To my replacement,
If you have opened the Postern and found your way into these halls, then I am dead–likely by your hand. I bear you no animosity. (To the victor go the spoils.) I place my faith in the Archive that my chapter ended when it needed to, and that it has chosen wisely in you as the new Chronologue.
Look at the countless rows of books around you. Breathe in the musk of flaking pages and dried ink, the ancient earthen smell of the endless wooden shelves. No tree grows this kind of wood anymore. There are a great many things in the Archive that the world has lost or forgotten–and not all of them are bound in books.
If you ever regret coming here, remember how many chances you had to turn back. Your hindbrain warned you that I was a being that should not be looked upon, approached, or even remembered. Still, you chose to investigate when the powers of the Chronologue dissuade most from noticing me at all. Then you chose to strike, though every instinct told you to walk away. Finally you took the key of bone. (My bone.) You read the map of skin. (My skin.) And you followed them to the Postern, a door which many have looked at, but few have seen.
It is no accident that you are here. The Archive belongs to you now, just as much as you belong to the Archive. You did not ask for this, but it is yours just the same–this sacred place where all stories must go. You have killed for it already. You will kill for it again, whether to protect its secrets or to gather new ones.
And when the time comes, you will die for it.
Your duties begin immediately.
First, you must write a full and complete account of my death. Spare no detail, however unseemly. The Archive has no care for pride–only for truth.
Second, you must craft a new key of bone. Sever your ring finger at the base. (No hesitation; the Chronologue forsakes all signets and seals.) Strip the flesh and carve a new key. When held by the Chronologue, the key opens every door, and every door leads to the Archive.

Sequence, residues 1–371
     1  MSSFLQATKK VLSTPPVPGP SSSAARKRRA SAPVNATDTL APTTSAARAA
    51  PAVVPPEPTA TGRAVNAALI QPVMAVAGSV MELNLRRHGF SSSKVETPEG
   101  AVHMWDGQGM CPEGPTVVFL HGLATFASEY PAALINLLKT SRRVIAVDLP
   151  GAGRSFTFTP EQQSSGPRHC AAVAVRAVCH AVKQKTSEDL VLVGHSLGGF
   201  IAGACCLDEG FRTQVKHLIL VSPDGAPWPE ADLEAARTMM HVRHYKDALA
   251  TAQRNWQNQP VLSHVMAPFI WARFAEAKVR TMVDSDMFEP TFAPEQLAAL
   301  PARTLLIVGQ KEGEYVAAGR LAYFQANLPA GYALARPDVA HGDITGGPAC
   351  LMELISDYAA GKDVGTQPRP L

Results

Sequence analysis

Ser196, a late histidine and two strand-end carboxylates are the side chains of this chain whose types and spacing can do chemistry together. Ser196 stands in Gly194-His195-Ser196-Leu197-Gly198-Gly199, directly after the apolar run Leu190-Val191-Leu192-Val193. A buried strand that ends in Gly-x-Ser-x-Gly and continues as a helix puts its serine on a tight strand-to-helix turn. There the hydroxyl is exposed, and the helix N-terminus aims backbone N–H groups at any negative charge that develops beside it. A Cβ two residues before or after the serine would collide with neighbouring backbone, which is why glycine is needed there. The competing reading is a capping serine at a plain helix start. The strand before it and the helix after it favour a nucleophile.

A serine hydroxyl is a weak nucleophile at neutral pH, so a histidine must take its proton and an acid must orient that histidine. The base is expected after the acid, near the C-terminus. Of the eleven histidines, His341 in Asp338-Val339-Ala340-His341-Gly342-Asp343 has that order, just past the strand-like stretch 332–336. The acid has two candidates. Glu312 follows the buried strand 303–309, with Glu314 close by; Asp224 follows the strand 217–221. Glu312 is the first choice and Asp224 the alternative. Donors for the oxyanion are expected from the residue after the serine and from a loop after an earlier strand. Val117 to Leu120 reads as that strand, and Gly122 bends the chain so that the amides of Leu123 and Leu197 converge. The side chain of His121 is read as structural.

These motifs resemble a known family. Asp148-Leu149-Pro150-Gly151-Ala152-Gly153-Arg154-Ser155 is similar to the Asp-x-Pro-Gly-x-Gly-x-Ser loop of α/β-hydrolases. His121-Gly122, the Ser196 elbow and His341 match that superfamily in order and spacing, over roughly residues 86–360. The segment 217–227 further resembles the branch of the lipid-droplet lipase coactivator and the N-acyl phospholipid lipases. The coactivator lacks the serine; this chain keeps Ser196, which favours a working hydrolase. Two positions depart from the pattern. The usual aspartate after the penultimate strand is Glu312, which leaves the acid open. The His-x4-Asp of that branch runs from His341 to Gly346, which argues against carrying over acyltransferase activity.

Last, you must peel the skin off your back. (No weakness; the Chronologue lives in the page, not the flesh.) On this, you will draw a new map of skin. Somewhere, a very long time ago, you passed through a door and for a moment smelled old vellum and leather and gazed into a library of endless wooden shelves and countless windows looking on countless worlds. Perhaps you repressed the memory. (Most do.) Perhaps you thought it was a dream. (It wasn’t.) You must remember the location of that door and draw a map so that when you die, the next Chronologue can bring the key and re-open the Archive as you have done.
I have left you a draught of dulling herb along with some surgical tools I have kept ready for the last 30 years.
Take my advice and sever the finger before you strip it. (A mercy; my predecessor did not tell me I had this choice.) Keep a steady hand. My apologies for the stains on your new desk. You will learn quickly that in this place, few of the great stories are written in ink.
The Forty-Fifth Chronologue of the Archive,
Who was Taras Grant of Axia Prime
(Who is gratefully relieved of service)
This week’s Archive story comes from Peter Chiykowski, co-writer of the forthcoming EMBERWIND: The Songweave Tapestry campaign. He’s the creator of the webcomics Rock Paper Cynic, Is It Canon?, and What’s George Doing Today?, the viral Twitter sensation Dad Joke Han Solo, and the postcard fiction project The Shortest Story.